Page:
SpaceX prepares for a trio of Falcon 9 launches to close out March

SpaceX could launch two batches of Starlinks and a telecommunications satellite this weekend to cap an incredibly busy month.

The company has already completed 11 launches this month, including the 3rd flight test of Starship, an incredible pace of developing the world’s most powerful rocket and safely launching flight-proven Falcon 9 rockets at the same time.

The first launch could come as soon as 7:30 pm PT this evening from Vandenberg Space Force Base in California where 22 Starlink satellites are awaiting launch, these are a part of the Group 7 Starlink shell. SpaceX had originally targeted last night but decided to stand down for reasons unknown. Booster 1071 will be tasked with that launch, its fifteenth.

The next 2 launches could be back-to-back flights from Launch Complex-39A and Space Launch Complex-40 on Saturday evening.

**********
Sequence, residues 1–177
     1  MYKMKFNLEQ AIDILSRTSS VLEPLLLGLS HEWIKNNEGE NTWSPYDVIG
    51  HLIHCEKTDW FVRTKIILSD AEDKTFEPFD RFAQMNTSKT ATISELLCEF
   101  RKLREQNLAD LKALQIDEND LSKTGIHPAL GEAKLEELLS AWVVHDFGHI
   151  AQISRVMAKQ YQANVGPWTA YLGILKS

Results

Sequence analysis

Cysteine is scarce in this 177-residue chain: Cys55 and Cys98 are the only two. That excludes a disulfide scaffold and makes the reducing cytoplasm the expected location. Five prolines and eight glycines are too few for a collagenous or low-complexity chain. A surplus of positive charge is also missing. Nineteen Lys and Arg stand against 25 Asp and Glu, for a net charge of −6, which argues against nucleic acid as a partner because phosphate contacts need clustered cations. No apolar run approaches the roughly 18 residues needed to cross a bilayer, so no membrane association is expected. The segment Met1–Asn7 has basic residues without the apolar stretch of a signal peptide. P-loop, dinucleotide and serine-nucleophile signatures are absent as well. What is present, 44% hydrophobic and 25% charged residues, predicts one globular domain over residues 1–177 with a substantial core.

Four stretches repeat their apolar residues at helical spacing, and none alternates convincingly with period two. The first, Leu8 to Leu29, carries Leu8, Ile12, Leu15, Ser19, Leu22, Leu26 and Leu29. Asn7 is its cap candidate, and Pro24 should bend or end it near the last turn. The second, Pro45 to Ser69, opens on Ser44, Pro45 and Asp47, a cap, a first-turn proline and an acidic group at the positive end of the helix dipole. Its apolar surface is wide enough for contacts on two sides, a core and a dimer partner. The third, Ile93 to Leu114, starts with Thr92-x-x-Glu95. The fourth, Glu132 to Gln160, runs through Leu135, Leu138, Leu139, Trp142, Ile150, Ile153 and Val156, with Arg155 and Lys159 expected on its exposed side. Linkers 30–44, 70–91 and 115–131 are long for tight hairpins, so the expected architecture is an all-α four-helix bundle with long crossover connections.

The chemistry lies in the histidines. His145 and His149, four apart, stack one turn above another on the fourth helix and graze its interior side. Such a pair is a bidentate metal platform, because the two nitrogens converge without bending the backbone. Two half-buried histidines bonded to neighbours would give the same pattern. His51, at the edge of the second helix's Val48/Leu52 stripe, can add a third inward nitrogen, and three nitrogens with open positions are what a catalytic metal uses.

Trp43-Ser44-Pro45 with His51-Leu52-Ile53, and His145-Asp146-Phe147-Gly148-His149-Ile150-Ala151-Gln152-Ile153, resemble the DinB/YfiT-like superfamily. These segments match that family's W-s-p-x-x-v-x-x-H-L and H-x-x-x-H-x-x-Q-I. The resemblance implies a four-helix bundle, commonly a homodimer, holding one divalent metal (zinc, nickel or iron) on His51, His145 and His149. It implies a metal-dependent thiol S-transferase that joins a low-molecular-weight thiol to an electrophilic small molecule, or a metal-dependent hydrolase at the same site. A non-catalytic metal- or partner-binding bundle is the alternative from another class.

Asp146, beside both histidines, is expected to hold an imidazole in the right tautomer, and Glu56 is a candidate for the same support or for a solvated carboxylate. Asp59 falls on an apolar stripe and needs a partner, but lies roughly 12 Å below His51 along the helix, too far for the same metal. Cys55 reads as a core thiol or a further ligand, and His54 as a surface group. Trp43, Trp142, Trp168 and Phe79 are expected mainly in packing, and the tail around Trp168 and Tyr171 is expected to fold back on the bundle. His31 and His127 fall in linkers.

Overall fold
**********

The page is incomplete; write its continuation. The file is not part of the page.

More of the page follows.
The first launch, which is currently scheduled for 5:52 pm ET, will be the Eutelsat 36D telecommunications satellite launch from LC-39A to a geostationary transfer orbit.

Eutelsat 36D, built by Airbus, will be replacing Eutelsat 36B at 36° East where it will provide over 1100 broadcast channels and other connectivity across Africa, Russia, and Europe. The satellite features 70 Ku-band transponders to enable constant data flow to the ground. The satellite is expected to have an operational lifetime of 15 years.

The 2nd launch of the evening could come just a few hours later from SLC-40 when 23 Starlink satellites will be waiting for their ride to space. This will be another batch for the Group 6 Starlink shell and will launch to the South East. This launch is currently planned for 9:00 pm ET.

As of this time, SpaceX has yet to confirm which Falcon 9 rockets will launch these two missions, but both will feature droneship landings. Both drone ships recently returned to Port Canaveral after bringing two other Falcon 9 rockets back from their missions and returned to sea almost immediately to get into position for these launches.

If SpaceX is able to accomplish this trio of launches, there will be 14 missions in one month, and they look to keep up a high cadence in 2024.

Questions or comments? Shoot me an email at, or Tweet me @RDAnglePhoto.

Richard Angle: Launch journalist, specializing in launch photography. Based on the Space Coast, a short drive from Cape Canaveral and the SpaceX launch pads.
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